With capacity use remaining high and balance sheets in good shape, underlying fundamentals for growth in investment remain positive, despite the uncertain demand environment.

Unemployment nudges higher

The unemployment rate has nudged marginally higher, but at just 3.7 per cent remains very low. Strong population growth is tending to lift the headline employment aggregates, although some slack is starting to creep in. These signs of slack include an easing in hours worked, the unemployment rate having lifted off its low and a steady drift higher in the underemployment rate.

The pace of employment growth is likely to soften, broadly consistent with the slowing already seen in GDP growth. ANZ Research does not, however, expect employment to fall in any sustained fashion. Rather, an increase in unemployment will more reflect jobs growth being insufficient to absorb new entrants into the labour market.

Wages growth has so far tended to surprise a little to the downside. However, ANZ Research expects it to pick up in coming quarters as minimum wage decisions flow through, public sector wages lift and recently concluded enterprise agreements in the private sector filter into official wages measures.

These factors should offset any downward pressure on wages growth from the mild easing in the labour market. Inflation has moderated over the course of 2023. But almost all the moderation is in tradables inflation, with domestically sourced inflation remaining stubborn.

Whether non-tradables inflation ultimately remains sticky will come down in large part to the combination of wages growth and productivity.

As the RBA has noted, while the current pace of wages growth is likely to be consistent with the 2 per cent to 3 per cent inflation target band, that will require a lift in productivity. To date the underlying trend in productivity has been obscured by the impact of, and recovery from, the pandemic.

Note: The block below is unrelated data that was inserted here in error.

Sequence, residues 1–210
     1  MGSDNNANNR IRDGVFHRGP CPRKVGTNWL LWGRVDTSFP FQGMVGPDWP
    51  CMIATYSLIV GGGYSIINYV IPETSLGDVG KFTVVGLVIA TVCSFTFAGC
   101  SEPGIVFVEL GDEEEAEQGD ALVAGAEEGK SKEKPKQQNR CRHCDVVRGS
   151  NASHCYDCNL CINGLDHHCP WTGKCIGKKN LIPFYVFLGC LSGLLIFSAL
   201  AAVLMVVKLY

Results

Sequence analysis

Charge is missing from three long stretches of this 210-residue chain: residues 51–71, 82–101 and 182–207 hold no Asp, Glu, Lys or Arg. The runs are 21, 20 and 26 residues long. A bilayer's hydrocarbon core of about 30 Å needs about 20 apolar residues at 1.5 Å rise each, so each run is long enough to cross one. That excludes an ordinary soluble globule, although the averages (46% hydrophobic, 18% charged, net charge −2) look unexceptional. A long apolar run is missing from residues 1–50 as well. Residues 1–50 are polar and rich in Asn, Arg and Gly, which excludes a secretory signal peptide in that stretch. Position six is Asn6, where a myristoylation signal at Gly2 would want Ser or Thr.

From the September quarter 2023 onward, ANZ Research expects the underlying trend in productivity will become clearer. There is some risk productivity growth settles closer to 0.5 per cent than 1 per cent. As a result, inflation could remain stuck above the top of the 2 per cent to 3 per cent target band. That, however, is an issue for 2024.

For now, ANZ Research sees the RBA on an extended pause before a modest easing cycle starting late next year. As for risks around that view, additional rate hikes, either around the end of this year or early next, are much more likely than an early easing cycle.

That skew on risks reflects the possibility rising real incomes lift consumer spending, inflation surprises to the upside or the labour market does not ease as much as expected. The most plausible downside risk would appear to be a negative global shock.

Adam Boyton is Head of Australian Economics at ANZ Research

A version of this article was originally published in ANZ Insights

The views and opinions expressed in this communication are those of the author and may not necessarily state or reflect those of ANZ.